There was a long and winding line last Friday at the AMC Empire in Times Square for the 8:35 showing of The Wolverine. It nearly obscured the entrance to the 7:35 showing of Stranded, a new science fiction thriller starring Christian Slater.
It came out last Friday, and a lot of people don’t know that!
When I walked into the theatre all the lights were still on as the previews were playing. The only other person in the theatre—a grumpy looking man with a cane—got up and told an attendant to turn off the lights. Did anyone know this movie was out? Is it possible I’m the only one who has seen it?
Stranded opens by desperately trying to ape the simplicity of Alien. Text on the screen tells us that we’re looking at Moonbase Ark, a plain old mining facility. Moonbase Ark is made up of small plastic boxes with blinking red lights on them, all hanging out in some grey dust. For those of us who love science fiction films which use real models instead of CGI, this movie will remind you how crappy models can look, too. Remember “sweding”? That adorable notion of making a movie with whatever happens to be lying around? The moonbase looks sweded.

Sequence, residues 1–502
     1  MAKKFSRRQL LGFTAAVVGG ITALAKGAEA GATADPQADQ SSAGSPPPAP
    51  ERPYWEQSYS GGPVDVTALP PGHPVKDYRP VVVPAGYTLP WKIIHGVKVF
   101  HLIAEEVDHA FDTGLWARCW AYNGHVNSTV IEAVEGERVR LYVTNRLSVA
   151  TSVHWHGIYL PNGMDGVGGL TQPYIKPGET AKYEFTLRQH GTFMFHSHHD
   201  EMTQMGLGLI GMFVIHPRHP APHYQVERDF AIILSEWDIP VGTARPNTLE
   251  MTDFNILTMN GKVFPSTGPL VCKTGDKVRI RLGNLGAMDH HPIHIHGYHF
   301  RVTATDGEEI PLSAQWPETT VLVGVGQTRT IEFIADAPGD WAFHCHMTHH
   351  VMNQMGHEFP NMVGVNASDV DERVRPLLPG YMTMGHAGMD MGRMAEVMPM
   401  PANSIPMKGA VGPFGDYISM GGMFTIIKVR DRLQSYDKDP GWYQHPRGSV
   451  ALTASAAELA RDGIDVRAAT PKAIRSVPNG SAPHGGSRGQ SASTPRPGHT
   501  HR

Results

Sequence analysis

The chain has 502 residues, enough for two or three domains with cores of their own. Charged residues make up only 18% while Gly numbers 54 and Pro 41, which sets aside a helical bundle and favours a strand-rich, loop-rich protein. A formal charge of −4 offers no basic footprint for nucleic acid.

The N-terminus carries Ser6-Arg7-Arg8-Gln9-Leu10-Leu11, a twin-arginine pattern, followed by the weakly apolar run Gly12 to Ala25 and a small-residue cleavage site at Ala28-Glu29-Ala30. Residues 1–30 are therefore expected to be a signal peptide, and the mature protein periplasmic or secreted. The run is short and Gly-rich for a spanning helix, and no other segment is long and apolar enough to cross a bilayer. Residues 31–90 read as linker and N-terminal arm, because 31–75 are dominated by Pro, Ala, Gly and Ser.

Suddenly, an alarm goes off on Moonbase Ark; there’s a meteor shower! A bunch of ventilation systems get screwed up and Christian Slater starts freaking out and flipping switches. The base is suddenly a cacophony of people saying accusatory things directed at everyone and no one. Why weren’t we warned? How come nobody told us about the meteor shower? Why are you still sleeping? Where have you been? It’s a crash course in Bad Dialogue 101—the kind that assumes that if people are arguing about anything then BOOM, you’ve got conflict. Someone actually tells someone else to “shake a leg.”
Soon, it becomes necessary for Christian Slater to send a nice woman named Cameron (in the only working spacesuit) to fix the ventilation or something. We’ve also learned communication has been cut off which prompts someone named Johns to say: “Now we really are Stranded!” Yeah. That happened. When it did, the friend who had accompanied me to the screening and I laughed out loud.